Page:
New Zealand Police National Headquarters recently brought back its cannabis eradication program, which was cancelled in January 2021. According to Stuff.co.nz, the program was costing the department more than $700,000 annually to send out helicopters and airplanes, and the program has been running for approximately 20 years. However, the department recently set aside $635,000 to fund this effort once again, which began in January 2022 and will be conducted through March. The cannabis eradication program utilizes flight vehicles to scan for large-scale illegal grow operations.
A briefing was originally published by the police department in December 2021 detailing this decision, but was only recently released to Stuff.co.nz through the Official Information Act of New Zealand. Until now, all information was withheld until the police minister had approved it. In the briefing, it states that although the program had been stopped in all 12 districts last year, the funding was still available.
With the revival of the program, now called Operation Emerald, six out of the 12 districts have opted in. “Running a nationally coordinated operation provides efficiencies in terms of negotiating a fixed-wing plane and helicopter contracts, deploying staff, provision of training for staff, and administration of the budget,” the briefing states.
However, there has been one report of an incident that involved three cannabis plants, rather than a large cultivation operation. In early February, a police helicopter flew over one couple’s property to remove three cannabis plants. “It got closer and closer and then just zoomed in on this little hill about 80 metres from our house and sprayed three small cannabis plants that were in pots up on the hills,” the individual said. “We could see the pilot, he could see us, we waved to them, and he was just sitting there above the hills spraying the plants and then just buggered off.” The individual noted that he had recently received an operation to remove cancer, and invested in a $150 cannabis oil bottle to treat the pain, instead of the tramadol and codeine he was prescribed. (His wife also suffers from an autoimmune disease, and medical cannabis helps her sleep.) As a result, he and his partner believed it would be easier and more cost effective to grow their own cannabis plants for medical use.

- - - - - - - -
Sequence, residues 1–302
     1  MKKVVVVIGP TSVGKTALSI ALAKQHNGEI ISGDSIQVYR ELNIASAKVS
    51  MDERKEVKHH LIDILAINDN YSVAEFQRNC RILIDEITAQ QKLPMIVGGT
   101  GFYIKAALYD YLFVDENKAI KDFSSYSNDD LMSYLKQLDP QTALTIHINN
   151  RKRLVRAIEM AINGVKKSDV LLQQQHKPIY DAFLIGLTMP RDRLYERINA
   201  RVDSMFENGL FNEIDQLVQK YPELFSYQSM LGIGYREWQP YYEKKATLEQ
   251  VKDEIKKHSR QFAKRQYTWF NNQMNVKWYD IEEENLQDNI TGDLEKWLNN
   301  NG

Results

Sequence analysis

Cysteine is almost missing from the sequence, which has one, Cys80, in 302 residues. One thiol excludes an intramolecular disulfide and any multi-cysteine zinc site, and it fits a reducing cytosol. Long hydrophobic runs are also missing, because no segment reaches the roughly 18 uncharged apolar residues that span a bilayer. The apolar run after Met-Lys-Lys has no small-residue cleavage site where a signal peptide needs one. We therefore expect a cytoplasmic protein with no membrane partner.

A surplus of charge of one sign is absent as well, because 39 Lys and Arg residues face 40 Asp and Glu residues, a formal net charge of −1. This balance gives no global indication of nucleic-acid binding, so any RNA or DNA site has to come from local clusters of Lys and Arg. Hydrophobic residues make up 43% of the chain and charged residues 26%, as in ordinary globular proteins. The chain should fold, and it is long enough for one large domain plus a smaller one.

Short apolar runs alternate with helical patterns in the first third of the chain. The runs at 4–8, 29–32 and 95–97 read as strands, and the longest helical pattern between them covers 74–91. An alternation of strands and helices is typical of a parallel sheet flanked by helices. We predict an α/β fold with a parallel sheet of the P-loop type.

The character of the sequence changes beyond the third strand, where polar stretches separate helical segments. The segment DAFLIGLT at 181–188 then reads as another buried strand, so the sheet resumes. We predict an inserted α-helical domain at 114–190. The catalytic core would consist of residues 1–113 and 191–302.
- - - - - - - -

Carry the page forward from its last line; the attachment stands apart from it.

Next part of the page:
“The spraying of our plants seems like overkill, we would’ve been happy if someone had knocked on our door and said ‘hey we’ve had a complaint’ or something … we would’ve destroyed them if they asked us to,” he continued. “We’re just a mother and father … good community jobs, we work in the community, we help the community with sports, we’re both in community groups and are working for non-profit organizations. We don’t understand why we got targeted in a distressing manner.”
Chlöe Swarbrick, a Green Party MP and previous advocate of cannabis legalization, criticized how the plant eradication was handled. “This situation underlines yet again how these police chopper operations are not only a waste of time and money but literally cutting off some people’s medicinal cannabis supplies,” she said. “New Zealanders going about their business harming nobody have had a police chopper drop into their family dinner simply because parliament continues to prefer and enable people to get legally fully blackout drunk with all the social harms that come with that instead of moderately using an evidentially less-harmful substance that 80 percent of us will already have used by the time that we’re out of our teens.”
The focus of Operation Emerald is to target large-scale grow operations in New Zealand, but a spokesperson confirmed that it is common for smaller plants and grows to be targeted in this manner. “However, as this work is often conducted in remote or rural areas, and from the air, smaller cannabis plots can naturally be sprayed during the discovery phase of flying operations,” the spokesperson said.
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